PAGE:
While JCB has also refined their full range of backhoes, they’ve put their emphasis on the smaller models, such as the 3CX Compact. JCB says the 13,380-pound 3CX Compact is about 35 percent smaller overall than a standard backhoe and has 2- and 4-wheel steering. Its small size and 4-wheel steering mode bring backhoe productivity to worksites once thought to require compact-machine maneuverability. “There are places where compact equipment is a better fit,” says JCB product manager Diego Butzke, “which is the one reason JCB developed the 3CX Compact.”
Jacobsmeyer says Kubota’s family of compact backhoe models have dig depths from 7 to 14 feet and share full-size features such as ROPS and FOPS, four-wheel drive, and headlights and worklights. Other standard features include hydrostatic transmissions and an independent PTO.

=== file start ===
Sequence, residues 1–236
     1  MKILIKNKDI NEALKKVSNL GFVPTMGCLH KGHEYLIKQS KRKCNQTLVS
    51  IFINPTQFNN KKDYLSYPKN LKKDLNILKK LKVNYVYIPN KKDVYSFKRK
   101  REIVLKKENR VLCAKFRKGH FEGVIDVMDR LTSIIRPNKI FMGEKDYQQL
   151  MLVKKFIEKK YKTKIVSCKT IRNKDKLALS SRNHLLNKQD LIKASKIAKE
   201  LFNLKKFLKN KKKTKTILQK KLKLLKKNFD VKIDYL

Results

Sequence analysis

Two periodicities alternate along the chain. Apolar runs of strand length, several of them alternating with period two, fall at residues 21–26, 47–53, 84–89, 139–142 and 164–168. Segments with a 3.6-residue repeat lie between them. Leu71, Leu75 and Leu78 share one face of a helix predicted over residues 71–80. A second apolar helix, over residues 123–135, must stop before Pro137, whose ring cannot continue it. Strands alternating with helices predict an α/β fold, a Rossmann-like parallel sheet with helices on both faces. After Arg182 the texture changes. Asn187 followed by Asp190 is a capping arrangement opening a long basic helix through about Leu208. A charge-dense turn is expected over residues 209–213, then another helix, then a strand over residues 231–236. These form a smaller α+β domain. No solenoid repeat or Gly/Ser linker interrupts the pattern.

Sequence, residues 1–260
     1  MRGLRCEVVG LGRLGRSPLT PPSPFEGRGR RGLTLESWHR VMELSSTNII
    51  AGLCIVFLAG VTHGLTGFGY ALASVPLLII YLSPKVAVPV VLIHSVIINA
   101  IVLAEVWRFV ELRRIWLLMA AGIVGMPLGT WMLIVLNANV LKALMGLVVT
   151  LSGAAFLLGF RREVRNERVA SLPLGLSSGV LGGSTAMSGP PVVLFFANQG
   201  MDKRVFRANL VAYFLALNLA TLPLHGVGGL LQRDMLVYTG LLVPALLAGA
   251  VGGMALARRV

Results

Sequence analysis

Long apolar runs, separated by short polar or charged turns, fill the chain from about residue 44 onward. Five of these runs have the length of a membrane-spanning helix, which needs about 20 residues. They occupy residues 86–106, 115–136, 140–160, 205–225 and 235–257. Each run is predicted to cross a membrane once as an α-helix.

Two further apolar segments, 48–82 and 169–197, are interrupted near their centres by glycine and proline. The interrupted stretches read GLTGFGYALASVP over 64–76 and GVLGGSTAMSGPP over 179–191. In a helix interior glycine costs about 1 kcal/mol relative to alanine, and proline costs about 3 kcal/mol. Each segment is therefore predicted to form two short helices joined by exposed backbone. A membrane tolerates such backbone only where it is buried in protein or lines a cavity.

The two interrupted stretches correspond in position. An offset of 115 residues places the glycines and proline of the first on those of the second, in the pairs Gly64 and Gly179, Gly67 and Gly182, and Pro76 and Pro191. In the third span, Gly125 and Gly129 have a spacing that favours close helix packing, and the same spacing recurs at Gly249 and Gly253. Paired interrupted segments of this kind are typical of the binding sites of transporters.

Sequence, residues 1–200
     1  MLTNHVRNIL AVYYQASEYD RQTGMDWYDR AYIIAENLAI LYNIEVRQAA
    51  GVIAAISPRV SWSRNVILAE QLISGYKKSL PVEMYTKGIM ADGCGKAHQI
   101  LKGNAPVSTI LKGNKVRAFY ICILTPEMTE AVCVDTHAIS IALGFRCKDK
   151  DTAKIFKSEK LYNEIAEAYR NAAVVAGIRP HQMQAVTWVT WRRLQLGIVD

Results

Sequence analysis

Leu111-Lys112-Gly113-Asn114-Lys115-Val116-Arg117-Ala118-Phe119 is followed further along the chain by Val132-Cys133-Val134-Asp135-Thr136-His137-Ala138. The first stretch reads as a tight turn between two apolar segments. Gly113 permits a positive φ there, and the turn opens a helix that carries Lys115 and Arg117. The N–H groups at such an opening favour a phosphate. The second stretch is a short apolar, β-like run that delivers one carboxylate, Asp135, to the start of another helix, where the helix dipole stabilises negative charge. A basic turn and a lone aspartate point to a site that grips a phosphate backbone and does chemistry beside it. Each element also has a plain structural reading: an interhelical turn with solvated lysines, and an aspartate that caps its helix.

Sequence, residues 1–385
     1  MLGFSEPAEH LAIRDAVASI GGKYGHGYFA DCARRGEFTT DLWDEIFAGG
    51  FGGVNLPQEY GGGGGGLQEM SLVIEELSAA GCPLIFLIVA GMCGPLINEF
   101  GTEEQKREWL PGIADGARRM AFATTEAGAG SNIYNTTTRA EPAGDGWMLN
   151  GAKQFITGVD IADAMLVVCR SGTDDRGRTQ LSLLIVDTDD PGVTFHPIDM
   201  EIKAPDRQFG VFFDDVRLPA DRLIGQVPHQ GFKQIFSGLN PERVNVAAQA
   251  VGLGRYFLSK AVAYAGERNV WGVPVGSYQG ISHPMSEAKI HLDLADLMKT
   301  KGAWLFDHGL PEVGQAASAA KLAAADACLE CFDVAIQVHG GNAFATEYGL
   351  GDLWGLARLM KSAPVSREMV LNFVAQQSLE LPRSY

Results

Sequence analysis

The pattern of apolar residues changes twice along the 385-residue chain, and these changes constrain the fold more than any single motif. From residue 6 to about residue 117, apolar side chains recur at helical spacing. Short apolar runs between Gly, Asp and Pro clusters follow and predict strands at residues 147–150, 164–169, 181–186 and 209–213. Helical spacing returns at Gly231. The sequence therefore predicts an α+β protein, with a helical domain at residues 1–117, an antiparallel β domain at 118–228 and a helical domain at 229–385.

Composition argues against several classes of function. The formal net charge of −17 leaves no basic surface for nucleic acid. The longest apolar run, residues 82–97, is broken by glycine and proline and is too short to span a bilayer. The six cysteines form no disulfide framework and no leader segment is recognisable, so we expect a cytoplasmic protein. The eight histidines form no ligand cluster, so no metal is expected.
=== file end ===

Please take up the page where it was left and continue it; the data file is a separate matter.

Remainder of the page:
Most manufacturers include features across their full range, or at least make features available as options to most or all models. Dustin Adams, backhoe loader product specialist at Caterpillar, lists some of the features available in Cat’s line of backhoes and the benefits of those features: Security keypads require codes for the machine to operate, enhancing security and improving tracking. ECO (economy) mode maintains full performance while delivering meaningful fuel savings; a lock-up torque converter increases fuel savings further. An IT Coupler makes attachment change-outs quick and easy. A fully automatic transmission is a benefit at the worksite and is especially beneficial for roading.